2012: Pickett Davis Randolph '56
Coming from Baltimore with her legendary wide smile and her embracing manner, Pickett and Foxcroft began, in 1953, a lifetime relationship of shared values, hard work, joyous humor, and mutual respect.
Becoming a FOX was her first signature moment, and to this day her greetings and her farewells, in person or on her answering machine, are always GO FOXES! The competition, loyalty, and friendships inherent in the Fox/Hound tradition met the discipline, precision, and ceremony of the Drill. The lessons and the values of Fox/Hound and the Drill became guiding principles in Pickett’s life, though her rallying her troops to march at deb parties and wedding receptions garnered strange facial expressions from non-Foxcroft attendees!
With a strong sense of self, Pickett went to Wheaton College and subsequently began a career with the CIA. In 1982, she was awarded an MA in National Security Affairs from the Naval War College. In her class of 360 at the War College, she was one of eight women and one of two civilians. These women collaborated almost like a “survival unit.” Perhaps being the Lieutenant of Foxcroft’s Fourth Platoon prepared her to “rally these troops” as well. Or perhaps it was her inherent dedication for fairness. Nonetheless, her voice strengthened, her focus honed on equity, her belief for schools for girls rather than schools with girls solidified, and her passion for Foxcroft became her mantra.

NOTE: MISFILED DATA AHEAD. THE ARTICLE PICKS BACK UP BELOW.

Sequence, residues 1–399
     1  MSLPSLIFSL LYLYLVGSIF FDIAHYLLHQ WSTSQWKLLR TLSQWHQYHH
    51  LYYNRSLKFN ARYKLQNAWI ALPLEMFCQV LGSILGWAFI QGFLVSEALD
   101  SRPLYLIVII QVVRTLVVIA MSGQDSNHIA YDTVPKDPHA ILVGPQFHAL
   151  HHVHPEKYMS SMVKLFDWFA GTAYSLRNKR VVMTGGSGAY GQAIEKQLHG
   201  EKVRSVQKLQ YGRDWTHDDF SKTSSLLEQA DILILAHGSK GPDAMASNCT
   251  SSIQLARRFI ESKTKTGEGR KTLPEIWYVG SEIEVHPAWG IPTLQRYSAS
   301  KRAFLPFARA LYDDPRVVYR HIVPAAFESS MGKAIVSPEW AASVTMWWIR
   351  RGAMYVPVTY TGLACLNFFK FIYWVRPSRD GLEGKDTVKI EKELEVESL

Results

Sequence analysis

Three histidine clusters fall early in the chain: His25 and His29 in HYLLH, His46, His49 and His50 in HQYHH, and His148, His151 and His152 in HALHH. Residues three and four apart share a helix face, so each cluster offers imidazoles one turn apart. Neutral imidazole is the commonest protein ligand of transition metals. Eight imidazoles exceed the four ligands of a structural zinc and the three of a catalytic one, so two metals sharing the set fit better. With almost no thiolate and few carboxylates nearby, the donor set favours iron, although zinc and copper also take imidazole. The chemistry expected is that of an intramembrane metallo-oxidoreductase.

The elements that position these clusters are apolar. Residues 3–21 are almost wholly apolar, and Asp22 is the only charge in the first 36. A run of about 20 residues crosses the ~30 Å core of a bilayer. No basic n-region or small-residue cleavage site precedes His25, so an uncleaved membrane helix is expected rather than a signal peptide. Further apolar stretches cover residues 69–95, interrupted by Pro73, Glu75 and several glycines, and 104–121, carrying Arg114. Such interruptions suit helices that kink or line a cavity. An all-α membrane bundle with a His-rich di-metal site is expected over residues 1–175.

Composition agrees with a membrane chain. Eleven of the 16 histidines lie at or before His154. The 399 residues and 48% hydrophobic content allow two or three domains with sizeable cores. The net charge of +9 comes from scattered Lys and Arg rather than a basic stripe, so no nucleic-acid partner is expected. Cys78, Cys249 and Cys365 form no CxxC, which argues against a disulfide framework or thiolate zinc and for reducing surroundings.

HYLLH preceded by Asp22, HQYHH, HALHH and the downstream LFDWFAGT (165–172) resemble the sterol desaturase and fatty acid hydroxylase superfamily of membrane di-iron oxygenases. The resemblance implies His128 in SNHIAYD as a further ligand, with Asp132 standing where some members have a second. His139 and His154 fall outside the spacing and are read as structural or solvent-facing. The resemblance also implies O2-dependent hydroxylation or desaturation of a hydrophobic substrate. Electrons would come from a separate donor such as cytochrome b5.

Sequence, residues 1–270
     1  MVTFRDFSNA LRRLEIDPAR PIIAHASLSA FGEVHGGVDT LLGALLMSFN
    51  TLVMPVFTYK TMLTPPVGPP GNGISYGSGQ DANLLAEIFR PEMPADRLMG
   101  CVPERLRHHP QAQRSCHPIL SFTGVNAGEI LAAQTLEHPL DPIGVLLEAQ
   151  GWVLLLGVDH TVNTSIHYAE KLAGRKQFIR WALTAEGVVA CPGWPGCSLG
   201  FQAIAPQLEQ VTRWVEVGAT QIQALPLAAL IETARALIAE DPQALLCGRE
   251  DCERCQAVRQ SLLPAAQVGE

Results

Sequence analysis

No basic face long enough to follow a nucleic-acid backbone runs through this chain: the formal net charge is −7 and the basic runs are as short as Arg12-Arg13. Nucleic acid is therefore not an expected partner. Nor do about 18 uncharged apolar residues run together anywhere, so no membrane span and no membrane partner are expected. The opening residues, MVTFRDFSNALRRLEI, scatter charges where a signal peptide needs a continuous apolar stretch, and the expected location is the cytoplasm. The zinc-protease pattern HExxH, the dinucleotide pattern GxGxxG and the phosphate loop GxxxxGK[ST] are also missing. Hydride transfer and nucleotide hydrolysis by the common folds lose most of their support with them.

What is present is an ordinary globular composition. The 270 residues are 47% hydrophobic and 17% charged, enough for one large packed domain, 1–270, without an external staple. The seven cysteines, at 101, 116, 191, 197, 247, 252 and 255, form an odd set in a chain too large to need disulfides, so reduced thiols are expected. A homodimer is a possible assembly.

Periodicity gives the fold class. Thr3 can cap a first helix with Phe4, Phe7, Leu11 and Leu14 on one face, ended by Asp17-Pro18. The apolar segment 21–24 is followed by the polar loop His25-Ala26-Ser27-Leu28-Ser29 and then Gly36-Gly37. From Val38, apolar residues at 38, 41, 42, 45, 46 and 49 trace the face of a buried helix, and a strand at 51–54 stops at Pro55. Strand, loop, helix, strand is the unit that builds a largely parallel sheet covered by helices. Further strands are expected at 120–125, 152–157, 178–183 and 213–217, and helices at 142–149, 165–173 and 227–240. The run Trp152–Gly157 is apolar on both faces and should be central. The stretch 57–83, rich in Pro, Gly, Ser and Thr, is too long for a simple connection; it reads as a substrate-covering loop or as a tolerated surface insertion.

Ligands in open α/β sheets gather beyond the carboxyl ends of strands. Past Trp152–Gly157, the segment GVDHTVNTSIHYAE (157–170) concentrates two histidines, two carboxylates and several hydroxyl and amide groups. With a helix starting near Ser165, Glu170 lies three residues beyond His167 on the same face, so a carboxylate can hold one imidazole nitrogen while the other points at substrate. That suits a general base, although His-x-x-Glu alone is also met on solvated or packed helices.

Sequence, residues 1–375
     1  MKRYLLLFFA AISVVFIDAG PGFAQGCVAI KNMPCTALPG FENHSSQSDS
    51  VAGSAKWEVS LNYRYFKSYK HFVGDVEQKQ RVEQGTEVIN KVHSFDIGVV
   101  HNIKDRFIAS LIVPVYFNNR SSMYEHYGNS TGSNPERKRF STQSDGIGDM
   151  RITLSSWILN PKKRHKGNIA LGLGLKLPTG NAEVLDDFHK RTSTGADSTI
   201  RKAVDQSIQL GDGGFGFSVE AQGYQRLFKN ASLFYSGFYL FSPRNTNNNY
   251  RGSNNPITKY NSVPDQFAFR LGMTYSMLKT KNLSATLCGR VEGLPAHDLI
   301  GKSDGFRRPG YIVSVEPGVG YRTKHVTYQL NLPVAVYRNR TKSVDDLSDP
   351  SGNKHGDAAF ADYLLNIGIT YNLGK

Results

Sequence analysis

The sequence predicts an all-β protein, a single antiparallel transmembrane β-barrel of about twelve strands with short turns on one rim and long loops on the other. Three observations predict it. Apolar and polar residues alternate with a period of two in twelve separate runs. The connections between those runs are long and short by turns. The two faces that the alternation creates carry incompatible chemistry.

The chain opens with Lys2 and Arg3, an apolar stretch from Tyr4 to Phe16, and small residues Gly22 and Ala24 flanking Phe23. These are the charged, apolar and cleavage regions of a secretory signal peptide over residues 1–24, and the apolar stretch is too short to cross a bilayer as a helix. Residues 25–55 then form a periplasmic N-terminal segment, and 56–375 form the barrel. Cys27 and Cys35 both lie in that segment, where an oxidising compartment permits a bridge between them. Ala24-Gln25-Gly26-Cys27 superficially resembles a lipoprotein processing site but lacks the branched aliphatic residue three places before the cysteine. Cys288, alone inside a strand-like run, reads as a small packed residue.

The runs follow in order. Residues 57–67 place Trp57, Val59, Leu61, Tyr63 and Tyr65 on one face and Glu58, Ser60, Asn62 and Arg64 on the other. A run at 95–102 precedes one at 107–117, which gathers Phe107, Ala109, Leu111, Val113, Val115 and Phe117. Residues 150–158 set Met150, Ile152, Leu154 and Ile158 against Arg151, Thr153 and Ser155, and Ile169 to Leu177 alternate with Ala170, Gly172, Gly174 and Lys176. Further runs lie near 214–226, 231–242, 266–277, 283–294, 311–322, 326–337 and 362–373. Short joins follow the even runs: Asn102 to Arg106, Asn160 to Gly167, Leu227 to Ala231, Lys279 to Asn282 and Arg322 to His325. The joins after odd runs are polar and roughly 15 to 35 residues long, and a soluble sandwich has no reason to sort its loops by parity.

Serving as a member of the Board of Trustees for eighteen years, as her Reunion Chair every five years since her graduation, as a Major Gifts Volunteer for the Gateways to Excellence Campaign, as a Career Day Participant, as a Speaker at the Senior Dinner, as the Class Rep, as the Facilitator/Analyzer of the Myers Briggs Inventory for Students, Faculty, and Trustees alike, and as the Co-Chair of the Memory Committee for the Centennial Celebration, Pickett has more than responded to the challenge of her greatest mentor, Miss Charlotte. Living and breathing “To whom much is given, much is expected,” Pickett’s sense of service also touches the world at large as a volunteer at the District of Columbia Rape Crisis Center, at the District of Columbia Women’s Jail, and at the Humane Society, and as a Docent at the National Gallery of Art. For a short time, she volunteered at the White House Commentary Line. Her leave-taking from there says it all: “I had great stories to tell, but I was not making a difference.”
For a lifetime of meaningful service, the Board of Trustees and Mary Louise Leipheimer, the Head of School, honor Pickett Davis Randolph, Class of 1956, by presenting her with Foxcroft’s highest honor, the Anne Kane McGuire Distinguished Service Award.